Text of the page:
Posted on Jul 28, 2012 | Comments 0
New Orleans has long been one of the most popular cities in America. It hosts several world-class celebrations and festivals such Mardi Gras and Jazz Fest and is home to the historic Bourbon Street and French Quarter. There are plenty of music clubs, natural wonders, and museums to explore and the local Cajun food is simply delightful. The attractions are all easily accessible and these are some of the top ones to visit in New Orleans.
1. The Garden District
If you hop on the St. Charles Streetcar in the historic French Quarter you can take it to the beautiful Garden District. This area is filled with a wide variety of fantastic plantation-style homes that were built by the city’s wealthiest residents after the Louisianan Purchase.
2. The French Quarter
The French Quarter of the town, which was established back in 1718, is the city’s most well known neighborhood. It’s only a small area of 7×13 blocks in size. It’s a very pedestrian-friendly region which is bursting with tourist attractions, live music spots, and shops. It’ll likely take a couple of days so see it all on foot. Bourbon Street is probably the most famous location here.
3. Audubon Nature Institute
The Audubon Nature Institute is home to three separate family-oriented New Orleans attractions. The Louisiana Swamp can be found in the zoo and it’s home to some rare white alligators. You’ll also find an aquarium, where you can view an IMAX film called Hurricane on the Bayou that tells the visitors the tragic story of Hurricane Katrina through the eyes of a 13-year-old. The institute also features an insect-arium. This is where the brave tourists can sample an assortment of cooked insects.
4. City Park
New Orleans City Park is about 1,300 acres in size, making it just about double that of Central Park in New York City. It sands on a former plantation and is overflowing with wonderful green space and waterways. It houses several interesting attractions such as the New Orleans Museum of Art and Sculpture Garden, the Storyland Playground, the New Orleans Botanical Garden, and the Carousel Gardens Amusement Park. It also features the NOLA Gondola, which is a Venetian-style gondola ride that takes visitors through the scenic park. When Christmas comes, you’ll find the park hosts a huge, colorful light display.
5. Ghost Tours
New Orleans was a favorite haunt of prostitutes and pirates many years ago and the city has a reputation of being haunted. You’ll easily find nightly ghost tours when visiting, with most of them concentrating on the French Quarter. These trips tell the colorful and creepy history of the city.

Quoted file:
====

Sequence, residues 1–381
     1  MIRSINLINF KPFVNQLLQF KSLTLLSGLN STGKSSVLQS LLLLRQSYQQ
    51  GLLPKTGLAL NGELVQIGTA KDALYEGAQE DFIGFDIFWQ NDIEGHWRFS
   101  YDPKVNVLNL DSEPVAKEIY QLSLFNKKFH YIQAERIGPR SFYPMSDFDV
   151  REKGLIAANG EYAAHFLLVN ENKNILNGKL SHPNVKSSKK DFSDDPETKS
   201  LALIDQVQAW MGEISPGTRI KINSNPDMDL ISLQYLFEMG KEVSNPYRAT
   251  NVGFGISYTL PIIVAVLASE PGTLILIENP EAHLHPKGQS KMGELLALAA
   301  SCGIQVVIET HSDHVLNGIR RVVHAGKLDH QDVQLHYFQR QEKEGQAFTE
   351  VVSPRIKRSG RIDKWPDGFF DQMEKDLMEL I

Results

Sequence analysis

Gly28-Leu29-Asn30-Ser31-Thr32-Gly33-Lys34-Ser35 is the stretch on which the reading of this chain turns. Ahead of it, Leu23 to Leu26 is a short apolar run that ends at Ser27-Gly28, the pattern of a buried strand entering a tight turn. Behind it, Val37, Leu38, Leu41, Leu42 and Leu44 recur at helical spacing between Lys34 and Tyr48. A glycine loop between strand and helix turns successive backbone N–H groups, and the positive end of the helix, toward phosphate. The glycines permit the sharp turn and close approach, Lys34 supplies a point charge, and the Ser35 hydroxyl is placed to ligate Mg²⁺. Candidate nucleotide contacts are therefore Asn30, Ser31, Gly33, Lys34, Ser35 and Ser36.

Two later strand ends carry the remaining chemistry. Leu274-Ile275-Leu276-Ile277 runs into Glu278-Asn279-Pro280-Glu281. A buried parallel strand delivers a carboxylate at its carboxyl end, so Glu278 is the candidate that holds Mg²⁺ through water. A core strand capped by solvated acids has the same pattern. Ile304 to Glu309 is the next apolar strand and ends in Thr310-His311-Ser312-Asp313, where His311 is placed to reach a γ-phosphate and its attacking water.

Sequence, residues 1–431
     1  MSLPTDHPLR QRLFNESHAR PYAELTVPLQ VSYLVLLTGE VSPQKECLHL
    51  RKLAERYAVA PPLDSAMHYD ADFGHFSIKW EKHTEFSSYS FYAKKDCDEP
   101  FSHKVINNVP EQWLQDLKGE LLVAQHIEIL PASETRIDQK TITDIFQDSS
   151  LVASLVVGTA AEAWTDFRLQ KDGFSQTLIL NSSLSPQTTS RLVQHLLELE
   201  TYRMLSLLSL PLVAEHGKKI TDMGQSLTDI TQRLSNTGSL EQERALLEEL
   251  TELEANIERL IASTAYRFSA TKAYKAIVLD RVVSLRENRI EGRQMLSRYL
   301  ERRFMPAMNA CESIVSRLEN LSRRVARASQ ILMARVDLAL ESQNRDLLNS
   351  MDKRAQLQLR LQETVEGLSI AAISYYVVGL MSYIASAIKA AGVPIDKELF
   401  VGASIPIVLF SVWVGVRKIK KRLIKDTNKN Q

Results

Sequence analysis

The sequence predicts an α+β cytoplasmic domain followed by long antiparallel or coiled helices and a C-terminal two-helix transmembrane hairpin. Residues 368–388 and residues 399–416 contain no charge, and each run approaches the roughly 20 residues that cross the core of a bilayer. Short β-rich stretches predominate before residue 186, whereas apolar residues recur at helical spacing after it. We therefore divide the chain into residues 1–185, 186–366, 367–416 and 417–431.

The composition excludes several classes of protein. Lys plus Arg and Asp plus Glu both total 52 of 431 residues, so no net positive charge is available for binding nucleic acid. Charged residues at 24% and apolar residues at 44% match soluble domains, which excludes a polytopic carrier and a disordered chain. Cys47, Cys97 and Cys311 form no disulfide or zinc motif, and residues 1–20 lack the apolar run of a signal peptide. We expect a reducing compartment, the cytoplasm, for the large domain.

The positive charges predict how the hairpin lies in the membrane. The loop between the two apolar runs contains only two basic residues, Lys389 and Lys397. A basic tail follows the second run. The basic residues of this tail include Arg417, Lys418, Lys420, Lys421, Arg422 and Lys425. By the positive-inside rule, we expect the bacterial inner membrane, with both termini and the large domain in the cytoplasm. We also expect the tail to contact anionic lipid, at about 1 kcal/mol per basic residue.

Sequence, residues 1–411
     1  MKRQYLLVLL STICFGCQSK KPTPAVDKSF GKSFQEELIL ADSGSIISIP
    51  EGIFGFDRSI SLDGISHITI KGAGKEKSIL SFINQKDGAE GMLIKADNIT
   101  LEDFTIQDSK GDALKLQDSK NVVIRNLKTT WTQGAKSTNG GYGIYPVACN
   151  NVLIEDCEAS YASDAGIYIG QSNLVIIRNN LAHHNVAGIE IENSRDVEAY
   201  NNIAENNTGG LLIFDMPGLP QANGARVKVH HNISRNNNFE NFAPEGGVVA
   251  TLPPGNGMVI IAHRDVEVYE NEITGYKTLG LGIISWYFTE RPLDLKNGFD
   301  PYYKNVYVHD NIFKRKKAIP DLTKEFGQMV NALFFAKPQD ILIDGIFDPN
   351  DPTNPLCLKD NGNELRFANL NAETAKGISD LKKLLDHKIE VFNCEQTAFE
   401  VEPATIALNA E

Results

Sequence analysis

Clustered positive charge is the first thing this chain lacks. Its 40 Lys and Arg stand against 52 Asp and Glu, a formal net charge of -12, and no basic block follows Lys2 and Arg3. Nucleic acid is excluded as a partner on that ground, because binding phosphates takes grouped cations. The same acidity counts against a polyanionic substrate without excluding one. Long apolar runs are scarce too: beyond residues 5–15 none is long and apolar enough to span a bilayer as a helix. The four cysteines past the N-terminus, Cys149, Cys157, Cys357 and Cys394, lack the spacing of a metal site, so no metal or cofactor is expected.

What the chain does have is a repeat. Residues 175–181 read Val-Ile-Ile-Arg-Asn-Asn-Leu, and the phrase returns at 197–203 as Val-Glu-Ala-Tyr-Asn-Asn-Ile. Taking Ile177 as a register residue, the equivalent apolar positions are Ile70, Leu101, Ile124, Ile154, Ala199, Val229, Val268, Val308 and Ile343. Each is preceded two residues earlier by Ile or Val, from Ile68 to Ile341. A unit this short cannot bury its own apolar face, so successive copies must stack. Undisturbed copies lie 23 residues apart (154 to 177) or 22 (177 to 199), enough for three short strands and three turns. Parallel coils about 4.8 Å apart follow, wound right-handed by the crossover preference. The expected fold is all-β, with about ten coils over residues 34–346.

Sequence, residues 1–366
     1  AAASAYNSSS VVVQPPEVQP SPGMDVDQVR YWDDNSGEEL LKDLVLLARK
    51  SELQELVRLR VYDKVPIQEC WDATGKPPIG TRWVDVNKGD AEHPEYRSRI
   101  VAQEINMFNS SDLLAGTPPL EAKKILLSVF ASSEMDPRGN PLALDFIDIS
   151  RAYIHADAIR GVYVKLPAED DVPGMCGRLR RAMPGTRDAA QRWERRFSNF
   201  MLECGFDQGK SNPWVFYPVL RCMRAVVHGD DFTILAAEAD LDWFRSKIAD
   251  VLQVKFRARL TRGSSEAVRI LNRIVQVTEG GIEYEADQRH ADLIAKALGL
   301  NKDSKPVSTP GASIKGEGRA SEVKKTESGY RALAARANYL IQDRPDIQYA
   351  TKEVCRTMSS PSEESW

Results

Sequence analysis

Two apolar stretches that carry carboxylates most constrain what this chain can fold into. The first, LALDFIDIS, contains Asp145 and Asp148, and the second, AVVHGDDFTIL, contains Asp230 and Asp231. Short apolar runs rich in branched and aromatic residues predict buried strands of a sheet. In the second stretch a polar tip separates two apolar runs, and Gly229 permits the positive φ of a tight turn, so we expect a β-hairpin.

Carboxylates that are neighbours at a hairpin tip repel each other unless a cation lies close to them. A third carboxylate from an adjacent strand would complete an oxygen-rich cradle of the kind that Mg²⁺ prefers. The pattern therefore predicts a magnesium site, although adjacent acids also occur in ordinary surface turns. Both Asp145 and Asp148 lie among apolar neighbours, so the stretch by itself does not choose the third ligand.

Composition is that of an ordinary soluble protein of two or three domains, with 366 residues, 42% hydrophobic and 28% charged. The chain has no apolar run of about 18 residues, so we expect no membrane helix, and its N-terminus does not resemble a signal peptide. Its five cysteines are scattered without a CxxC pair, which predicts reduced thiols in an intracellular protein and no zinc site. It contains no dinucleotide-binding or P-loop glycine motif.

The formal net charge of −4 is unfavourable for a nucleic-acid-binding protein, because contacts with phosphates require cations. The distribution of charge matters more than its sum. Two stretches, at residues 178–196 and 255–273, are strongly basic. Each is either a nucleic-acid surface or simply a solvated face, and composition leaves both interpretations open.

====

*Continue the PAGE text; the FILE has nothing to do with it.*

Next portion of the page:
6. National World War II Museum
This popular museum was originally called the D-Day Museum when it opened its doors back in 2000. It’s now known as the National World War II Museum and offers over 70,000 square feet of exhibit space. There are numerous interactive displays that take you through different aspects of the war. There’s also an informative 4-D film called ‘Beyond All Boundaries,’ which is narrated by actor Tom Hanks.
7. The Steamboat Natchez
The Steamboat Natchez takes passengers down the historic Mississippi River for some excellent sightseeing opportunities and tasty jazz dinners. It’s one of just two authentic steamships that still sail down the mighty Mississippi. The Natchez also provides free concerts on shore before setting sail.
8. Mardi Gras World
The city of New Orleans is probably most famous for its annual Mardi Gras festival which attracts thousands of visitors from all over the world. Mardi Gras is the city’s busiest time with its colorful street parades and live music. If you’d like to see where the parade floats are made and learn more about this fabulous festival then the best place to visit any time of the year is Mardi Gras World.
9. St. Louis Cemetery No. 1
This famous French-Quarter cemetery was established back in 1789 and is now on the National Register of Historic Places. This is where Queen Marie Laveau, local politicians, and Civil and Revolutionary War Soldiers are buried. It features elaborate tombs that are set above ground. It’s believed that the small cemetery is haunted by those who were laid to rest there.
10. The Cafe Du Monde
The Café Du Monde is famous for its chicory coffee and beignets and is open for your pleasure 24 hours a day except on Christmas. The café opened up in 1862 and is one of New Orleans’ most-visited sites even though it serves coffee, soft drinks, and beignets only.
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